Turns out we didn’t have to dip into those ‘savings’ with the amount of places on Airbnb, many available for around $USD80 per night for an entire apartment. That is so much better than the hostel option, which is normally around $USD40 per person. Add in that most hostels force you to share a bathroom and lack cooking facilities (another cost saver in itself), you’re on your way to becoming just like Charlie Sheen – bi-winning.
And, even though we were traveling during peak season and hitting all the tourist hotspots, we still had plenty to choose from despite only booking a week or less in advance (mostly due to our ‘go where we feel like it’ planning approach). So after four months on the road, traveling around the world, I’ve come to the conclusion that Airbnb is definitely a big win for travelers.
Here are my top five reasons.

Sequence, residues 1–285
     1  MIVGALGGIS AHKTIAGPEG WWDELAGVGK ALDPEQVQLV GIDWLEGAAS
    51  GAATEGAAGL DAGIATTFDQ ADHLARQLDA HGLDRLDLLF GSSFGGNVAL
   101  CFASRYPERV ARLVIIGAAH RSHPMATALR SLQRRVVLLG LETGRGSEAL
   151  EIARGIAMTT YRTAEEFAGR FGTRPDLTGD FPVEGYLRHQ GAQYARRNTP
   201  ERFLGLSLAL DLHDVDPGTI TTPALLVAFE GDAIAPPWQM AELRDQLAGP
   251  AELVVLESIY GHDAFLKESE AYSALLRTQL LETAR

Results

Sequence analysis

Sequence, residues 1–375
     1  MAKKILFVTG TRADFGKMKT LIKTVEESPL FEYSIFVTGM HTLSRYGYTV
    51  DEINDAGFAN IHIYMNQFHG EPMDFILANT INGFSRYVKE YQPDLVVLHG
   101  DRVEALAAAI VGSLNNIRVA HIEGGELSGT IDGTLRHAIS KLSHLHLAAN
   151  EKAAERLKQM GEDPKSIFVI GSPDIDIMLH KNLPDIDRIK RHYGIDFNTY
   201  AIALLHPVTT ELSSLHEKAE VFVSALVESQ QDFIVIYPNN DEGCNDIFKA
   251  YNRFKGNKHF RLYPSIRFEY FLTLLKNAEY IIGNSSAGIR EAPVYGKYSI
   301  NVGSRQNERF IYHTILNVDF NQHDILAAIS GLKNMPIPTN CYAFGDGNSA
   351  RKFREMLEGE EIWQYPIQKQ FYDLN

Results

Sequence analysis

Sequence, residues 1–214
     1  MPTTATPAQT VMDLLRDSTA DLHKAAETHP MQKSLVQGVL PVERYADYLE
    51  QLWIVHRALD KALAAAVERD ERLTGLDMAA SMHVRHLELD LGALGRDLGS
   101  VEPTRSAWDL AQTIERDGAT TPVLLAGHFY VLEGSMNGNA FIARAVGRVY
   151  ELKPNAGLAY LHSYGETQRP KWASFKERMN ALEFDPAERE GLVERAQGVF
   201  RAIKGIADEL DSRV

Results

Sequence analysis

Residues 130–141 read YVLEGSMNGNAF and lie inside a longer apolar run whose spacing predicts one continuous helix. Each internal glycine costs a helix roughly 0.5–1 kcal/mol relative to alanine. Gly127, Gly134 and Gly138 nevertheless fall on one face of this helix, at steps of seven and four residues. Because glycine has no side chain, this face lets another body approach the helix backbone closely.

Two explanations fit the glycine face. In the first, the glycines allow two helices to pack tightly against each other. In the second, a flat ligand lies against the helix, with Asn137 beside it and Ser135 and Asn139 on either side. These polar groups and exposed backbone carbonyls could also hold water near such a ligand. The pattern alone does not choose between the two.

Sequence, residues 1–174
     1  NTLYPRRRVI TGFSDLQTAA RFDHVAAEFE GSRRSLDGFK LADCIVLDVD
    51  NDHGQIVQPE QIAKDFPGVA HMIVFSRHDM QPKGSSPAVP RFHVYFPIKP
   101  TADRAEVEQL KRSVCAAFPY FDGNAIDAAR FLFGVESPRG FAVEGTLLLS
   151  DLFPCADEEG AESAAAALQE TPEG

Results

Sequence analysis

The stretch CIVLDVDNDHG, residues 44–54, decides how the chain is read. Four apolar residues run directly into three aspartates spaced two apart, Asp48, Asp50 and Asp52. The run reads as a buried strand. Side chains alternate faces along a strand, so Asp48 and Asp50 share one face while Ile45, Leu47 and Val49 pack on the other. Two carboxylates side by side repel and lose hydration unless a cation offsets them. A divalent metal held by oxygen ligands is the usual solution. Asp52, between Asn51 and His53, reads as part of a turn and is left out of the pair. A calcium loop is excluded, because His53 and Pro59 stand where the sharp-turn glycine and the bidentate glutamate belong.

1 – Hosts care about reviews
Airbnb is built on a feedback system, where every person who stays gives a review of the place. Star ratings are given for a range of factors including cleanliness, value and location. Reviews are a significant factor when guests choose their next place to stay. More positive reviews definitely impact on the number of bookings a host gets.
Hosts know that every guest will be reviewing them, unlike hostels where there’s no setup to gather feedback from every visitor. Just one tip on reviews: While it’s a great way to trust you’ll get good accommodation, places with little or no reviews are sometimes priced accordingly, meaning that if you’re willing to risk it, you can bag a bargain (more than once it worked out really well for us).
2 – Hosts care about their home